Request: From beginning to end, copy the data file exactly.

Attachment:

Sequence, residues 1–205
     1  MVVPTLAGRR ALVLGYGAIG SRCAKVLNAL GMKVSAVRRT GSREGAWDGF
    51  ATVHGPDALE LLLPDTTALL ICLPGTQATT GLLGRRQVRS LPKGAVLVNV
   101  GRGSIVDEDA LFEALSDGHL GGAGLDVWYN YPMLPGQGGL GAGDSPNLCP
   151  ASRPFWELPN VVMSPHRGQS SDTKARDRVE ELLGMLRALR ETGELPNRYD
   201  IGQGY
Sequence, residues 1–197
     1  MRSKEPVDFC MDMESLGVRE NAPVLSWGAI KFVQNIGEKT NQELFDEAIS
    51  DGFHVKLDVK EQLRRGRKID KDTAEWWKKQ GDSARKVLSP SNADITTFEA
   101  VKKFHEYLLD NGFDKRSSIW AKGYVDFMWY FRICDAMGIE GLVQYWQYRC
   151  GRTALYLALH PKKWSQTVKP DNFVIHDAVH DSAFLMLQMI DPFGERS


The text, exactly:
Sequence, residues 1–205
     1  MVVPTLAGRR ALVLGYGAIG SRCAKVLNAL GMKVSAVRRT GSREGAWDGF
    51  ATVHGPDALE LLLPDTTALL ICLPGTQATT GLLGRRQVRS LPKGAVLVNV
   101  GRGSIVDEDA LFEALSDGHL GGAGLDVWYN YPMLPGQGGL GAGDSPNLCP
   151  ASRPFWELPN VVMSPHRGQS SDTKARDRVE ELLGMLRALR ETGELPNRYD
   201  IGQGY
Sequence, residues 1–197
     1  MRSKEPVDFC MDMESLGVRE NAPVLSWGAI KFVQNIGEKT NQELFDEAIS
    51  DGFHVKLDVK EQLRRGRKID KDTAEWWKKQ GDSARKVLSP SNADITTFEA
   101  VKKFHEYLLD NGFDKRSSIW AKGYVDFMWY FRICDAMGIE GLVQYWQYRC
   151  GRTALYLALH PKKWSQTVKP DNFVIHDAVH DSAFLMLQMI DPFGERS